Saydnaya has become the main political prison in Syria since 2011, according to a former official interviewed by Amnesty. A former guard said it held "the detainees of the revolution," and a former judge said they were seen as "posing a real risk to the regime."
The chilling accounts in Tuesday's report came from interviews with 31 former detainees and over 50 other officials and experts, including former guards and judges.
Detainees were told they would be transferred to civilian detention centers but were taken instead to another building in the facility and hanged.
"They walked in the 'train,' so they had their heads down and were trying to catch the shirt of the person in front of them. The first time I saw them, I was horrified. They were being taken to the slaughterhouse," Hamid, a former detainee, told Amnesty.
Another former detainee, Omar Alshogre, told The Associated Press the guards would come to his cell, sometimes three times a week, and call out detainees by name.
Alshogre, 21, who spent nine months in Saydnaya and now lives in Sweden, said he would hear detainees being tortured. "Then the sound would stop," he said.
He described how at times he was forced to keep his eyes closed and his back to the guards while they abused or suffocated a cellmate. The body often would be left behind, or there would be a pool of blood in the cell for other prisoners to clean up.
The Amnesty report contains similar accounts of abuse.
"We already know they will die anyway, so we do whatever we want with them," Amnesty quoted a former guard as saying.
The detainees were transported to trials in vans known as "meat fridges," and would not be informed of their fate until just before they were hanged, officials who witnessed the executions told Amnesty.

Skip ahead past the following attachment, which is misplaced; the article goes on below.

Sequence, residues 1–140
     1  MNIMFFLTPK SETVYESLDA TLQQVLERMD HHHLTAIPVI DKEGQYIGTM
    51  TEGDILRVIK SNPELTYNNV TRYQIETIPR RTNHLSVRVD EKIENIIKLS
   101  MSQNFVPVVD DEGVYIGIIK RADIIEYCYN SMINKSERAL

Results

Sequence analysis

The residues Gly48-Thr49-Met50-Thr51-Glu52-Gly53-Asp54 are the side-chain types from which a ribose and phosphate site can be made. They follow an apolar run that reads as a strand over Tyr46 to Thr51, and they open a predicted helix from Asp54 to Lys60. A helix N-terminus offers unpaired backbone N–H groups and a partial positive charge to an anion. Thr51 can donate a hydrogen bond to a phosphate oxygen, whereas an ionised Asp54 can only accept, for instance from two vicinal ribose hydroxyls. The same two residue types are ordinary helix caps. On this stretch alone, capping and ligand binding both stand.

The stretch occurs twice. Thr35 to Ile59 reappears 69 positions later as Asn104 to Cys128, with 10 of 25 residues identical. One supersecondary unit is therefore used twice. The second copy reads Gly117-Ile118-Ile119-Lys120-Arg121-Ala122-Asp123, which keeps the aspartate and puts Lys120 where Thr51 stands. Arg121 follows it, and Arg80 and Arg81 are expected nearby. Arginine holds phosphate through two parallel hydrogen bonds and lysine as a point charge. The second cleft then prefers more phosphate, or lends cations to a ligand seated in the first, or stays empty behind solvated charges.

Medics would usually list the cause of death as "heart stopped," or "breathing stopped," before the bodies were taken to mass graves near Damascus.
Alshogre, who was arrested at the age of 17, spent time in several detention centers before being taken to Saydnaya.
Two cousins detained with him in western Syria didn't survive, dying a year apart in a military intelligence detention facility. The younger one died in Alshogre's arms, deprived of food and so weak he was unable to walk to the bathroom on his own.
Still, Alshogre said nothing could have prepared him for Saydnaya.
At one point, he was summoned by guards "for execution," he said. He was brought before a military tribunal and told not to raise his eyes to the judge, who asked him how many soldiers he had killed. When he said none, the judge spared him.
Alshogre survived nine months in Saydnaya before eventually paying his way out in 2015 — a common practice. He suffered from tuberculosis and his weight fell to 35 kilograms (77 pounds).
Death in Saydnaya was always present, "like the air," he said.
Once when he was deprived of food for two days, a cellmate handed him his food ration — and died days later. Another cellmate died of diarrhea, also common in the prison.
"Death is the simplest thing. It was the most hoped for because it would have spared us a lot: hunger, thirst, fear, pain, cold, thinking," he said. "Thinking was so hard. It could also kill."
Associated Press writer Edith Lederer at the United Nations contributed to this report.